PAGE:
Here’s what bothers author Nicolas Soulier: At some point in time, we stopped feeling like streets were part of our common environment–we stopped strolling along them, stopped playing stickball in them, stopped sitting on our porches to call out to neighbors passing by–and when that happened, our lives narrowed and our communities became sterile.
This is the central premise of Reconquérir Les Rues. Soulier, an architect and urban planner who lives in Paris, wants to take back our streets, as it were. The book’s title translates to “Reclaiming the Streets,” and in it Mr. Soulier lays out an action plan for making streets, roads, lanes, alleys, and sidewalks friendlier to pedestrians, bikers, and neighborhoods.
“We can reconquer our streets without demolishing or rebuilding everything,” Mr. Soulier promises.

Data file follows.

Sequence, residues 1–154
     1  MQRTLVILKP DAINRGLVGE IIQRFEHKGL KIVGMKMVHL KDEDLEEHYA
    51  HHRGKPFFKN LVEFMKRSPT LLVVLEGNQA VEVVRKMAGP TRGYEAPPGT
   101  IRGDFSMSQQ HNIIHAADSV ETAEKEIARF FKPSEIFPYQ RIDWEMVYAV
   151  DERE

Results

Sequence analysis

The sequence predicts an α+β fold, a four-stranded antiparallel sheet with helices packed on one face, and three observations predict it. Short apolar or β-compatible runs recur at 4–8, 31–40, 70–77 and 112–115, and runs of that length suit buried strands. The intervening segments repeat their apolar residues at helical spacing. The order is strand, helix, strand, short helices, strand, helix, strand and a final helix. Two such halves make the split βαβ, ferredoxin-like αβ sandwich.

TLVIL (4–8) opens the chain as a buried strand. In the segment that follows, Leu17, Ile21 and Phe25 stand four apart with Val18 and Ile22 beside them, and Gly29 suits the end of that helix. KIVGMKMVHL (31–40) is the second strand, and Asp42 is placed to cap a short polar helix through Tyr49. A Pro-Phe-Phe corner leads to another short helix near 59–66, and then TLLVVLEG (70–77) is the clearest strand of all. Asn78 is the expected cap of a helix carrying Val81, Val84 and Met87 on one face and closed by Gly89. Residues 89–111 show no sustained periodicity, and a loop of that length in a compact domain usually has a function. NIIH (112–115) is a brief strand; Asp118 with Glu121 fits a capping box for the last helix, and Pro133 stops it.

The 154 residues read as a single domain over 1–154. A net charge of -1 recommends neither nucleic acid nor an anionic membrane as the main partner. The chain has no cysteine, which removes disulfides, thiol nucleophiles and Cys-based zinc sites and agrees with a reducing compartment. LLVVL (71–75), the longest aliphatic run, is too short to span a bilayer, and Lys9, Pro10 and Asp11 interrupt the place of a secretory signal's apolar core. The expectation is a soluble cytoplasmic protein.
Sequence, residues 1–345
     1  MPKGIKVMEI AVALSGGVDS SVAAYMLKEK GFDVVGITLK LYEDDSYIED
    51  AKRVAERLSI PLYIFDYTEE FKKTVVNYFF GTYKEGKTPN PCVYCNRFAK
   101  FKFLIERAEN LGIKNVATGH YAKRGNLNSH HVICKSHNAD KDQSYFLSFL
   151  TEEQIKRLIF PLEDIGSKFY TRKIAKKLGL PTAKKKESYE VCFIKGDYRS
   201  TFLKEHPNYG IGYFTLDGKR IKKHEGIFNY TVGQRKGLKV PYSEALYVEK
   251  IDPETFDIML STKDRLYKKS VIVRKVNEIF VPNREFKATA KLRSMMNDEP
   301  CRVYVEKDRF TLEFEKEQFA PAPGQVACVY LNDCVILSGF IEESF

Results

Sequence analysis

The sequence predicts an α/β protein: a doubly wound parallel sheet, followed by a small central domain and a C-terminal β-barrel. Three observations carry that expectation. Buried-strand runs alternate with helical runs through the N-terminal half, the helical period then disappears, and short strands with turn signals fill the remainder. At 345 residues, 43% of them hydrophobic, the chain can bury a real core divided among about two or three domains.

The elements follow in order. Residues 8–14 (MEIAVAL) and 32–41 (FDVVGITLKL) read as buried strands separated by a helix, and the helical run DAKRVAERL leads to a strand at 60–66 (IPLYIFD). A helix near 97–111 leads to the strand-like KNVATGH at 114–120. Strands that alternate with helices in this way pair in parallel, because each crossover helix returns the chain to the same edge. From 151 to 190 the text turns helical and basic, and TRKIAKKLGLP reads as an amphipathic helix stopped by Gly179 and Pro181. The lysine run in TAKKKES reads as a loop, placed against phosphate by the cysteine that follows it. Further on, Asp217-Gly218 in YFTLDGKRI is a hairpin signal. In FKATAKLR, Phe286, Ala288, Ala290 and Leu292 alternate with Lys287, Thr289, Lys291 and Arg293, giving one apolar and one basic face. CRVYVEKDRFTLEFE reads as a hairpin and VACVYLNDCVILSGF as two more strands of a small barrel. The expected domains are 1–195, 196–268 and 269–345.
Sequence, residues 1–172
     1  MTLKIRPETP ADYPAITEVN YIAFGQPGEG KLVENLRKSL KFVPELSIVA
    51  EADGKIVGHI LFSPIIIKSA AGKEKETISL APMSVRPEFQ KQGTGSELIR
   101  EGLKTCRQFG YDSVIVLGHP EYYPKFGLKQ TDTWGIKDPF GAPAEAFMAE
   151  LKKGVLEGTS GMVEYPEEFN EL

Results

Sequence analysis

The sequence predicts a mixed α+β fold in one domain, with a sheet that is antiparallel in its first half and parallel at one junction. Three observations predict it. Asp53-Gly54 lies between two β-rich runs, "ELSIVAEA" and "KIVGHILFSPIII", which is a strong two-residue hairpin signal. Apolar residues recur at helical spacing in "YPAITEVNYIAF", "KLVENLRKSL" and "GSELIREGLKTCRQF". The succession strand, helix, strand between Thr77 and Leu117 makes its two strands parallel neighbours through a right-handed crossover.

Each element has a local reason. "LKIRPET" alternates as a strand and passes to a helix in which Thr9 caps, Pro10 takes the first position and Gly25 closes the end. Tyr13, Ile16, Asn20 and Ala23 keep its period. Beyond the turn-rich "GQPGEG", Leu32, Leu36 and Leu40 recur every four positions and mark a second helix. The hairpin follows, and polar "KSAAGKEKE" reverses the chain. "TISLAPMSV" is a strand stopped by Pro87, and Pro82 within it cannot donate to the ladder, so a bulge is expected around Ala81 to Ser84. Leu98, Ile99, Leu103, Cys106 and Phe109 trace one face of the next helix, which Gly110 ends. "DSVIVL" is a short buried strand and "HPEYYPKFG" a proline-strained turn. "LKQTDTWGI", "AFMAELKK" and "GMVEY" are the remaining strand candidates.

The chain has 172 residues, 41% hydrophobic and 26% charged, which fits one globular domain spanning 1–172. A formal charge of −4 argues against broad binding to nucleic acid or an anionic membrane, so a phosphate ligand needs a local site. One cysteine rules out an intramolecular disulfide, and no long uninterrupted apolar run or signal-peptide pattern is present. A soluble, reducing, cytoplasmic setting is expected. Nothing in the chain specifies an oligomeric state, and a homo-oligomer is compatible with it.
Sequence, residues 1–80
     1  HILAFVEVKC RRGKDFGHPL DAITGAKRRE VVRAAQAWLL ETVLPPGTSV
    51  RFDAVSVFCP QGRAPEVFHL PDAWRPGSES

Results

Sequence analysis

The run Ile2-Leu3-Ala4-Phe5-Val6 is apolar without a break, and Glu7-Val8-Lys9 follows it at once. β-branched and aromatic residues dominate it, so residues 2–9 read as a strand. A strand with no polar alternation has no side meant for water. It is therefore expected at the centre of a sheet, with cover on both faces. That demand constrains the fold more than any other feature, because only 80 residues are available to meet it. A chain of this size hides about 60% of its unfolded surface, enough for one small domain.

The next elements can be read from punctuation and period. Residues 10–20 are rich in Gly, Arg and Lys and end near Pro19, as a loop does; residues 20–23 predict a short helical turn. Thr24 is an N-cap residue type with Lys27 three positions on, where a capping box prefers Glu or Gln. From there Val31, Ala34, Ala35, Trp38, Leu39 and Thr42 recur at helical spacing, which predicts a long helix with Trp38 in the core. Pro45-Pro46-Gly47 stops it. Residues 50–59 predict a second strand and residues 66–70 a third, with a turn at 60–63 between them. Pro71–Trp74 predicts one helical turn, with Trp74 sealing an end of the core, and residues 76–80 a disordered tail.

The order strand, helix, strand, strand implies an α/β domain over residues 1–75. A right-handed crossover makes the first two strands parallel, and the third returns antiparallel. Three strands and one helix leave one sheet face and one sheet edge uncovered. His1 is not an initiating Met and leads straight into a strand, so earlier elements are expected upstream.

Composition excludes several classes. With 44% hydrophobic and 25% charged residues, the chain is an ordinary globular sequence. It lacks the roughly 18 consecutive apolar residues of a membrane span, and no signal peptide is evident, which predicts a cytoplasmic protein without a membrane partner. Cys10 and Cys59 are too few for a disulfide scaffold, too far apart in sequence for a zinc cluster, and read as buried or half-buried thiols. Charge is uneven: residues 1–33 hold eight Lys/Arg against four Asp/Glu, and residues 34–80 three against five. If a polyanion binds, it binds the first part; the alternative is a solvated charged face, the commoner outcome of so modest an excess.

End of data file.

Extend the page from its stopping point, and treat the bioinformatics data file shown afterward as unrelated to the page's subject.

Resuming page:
Above: Photograph via Reconquérir Les Rues.
Soulier describes case studies–in such countries as Japan, Germany, Denmark, and the US–where urban planners made good decisions that encourage residents to inhabit streets as an extension of their living space. “Split” streets with medians for parking (and to slow down traffic), bike and running lanes, and islands of plants are features traffic engineers should routinely incorporate into designs, says Soulier.
Above: Photographs via Reconquérir Les Rues.
In cities like Bremen in northwestern Germany. pedestrian- and bike-friendly features make streets friendlier, writes Soulier.
Above: Author Nicolas Soulier at home in Paris.
For more about the book, visit Nicolas Soulier.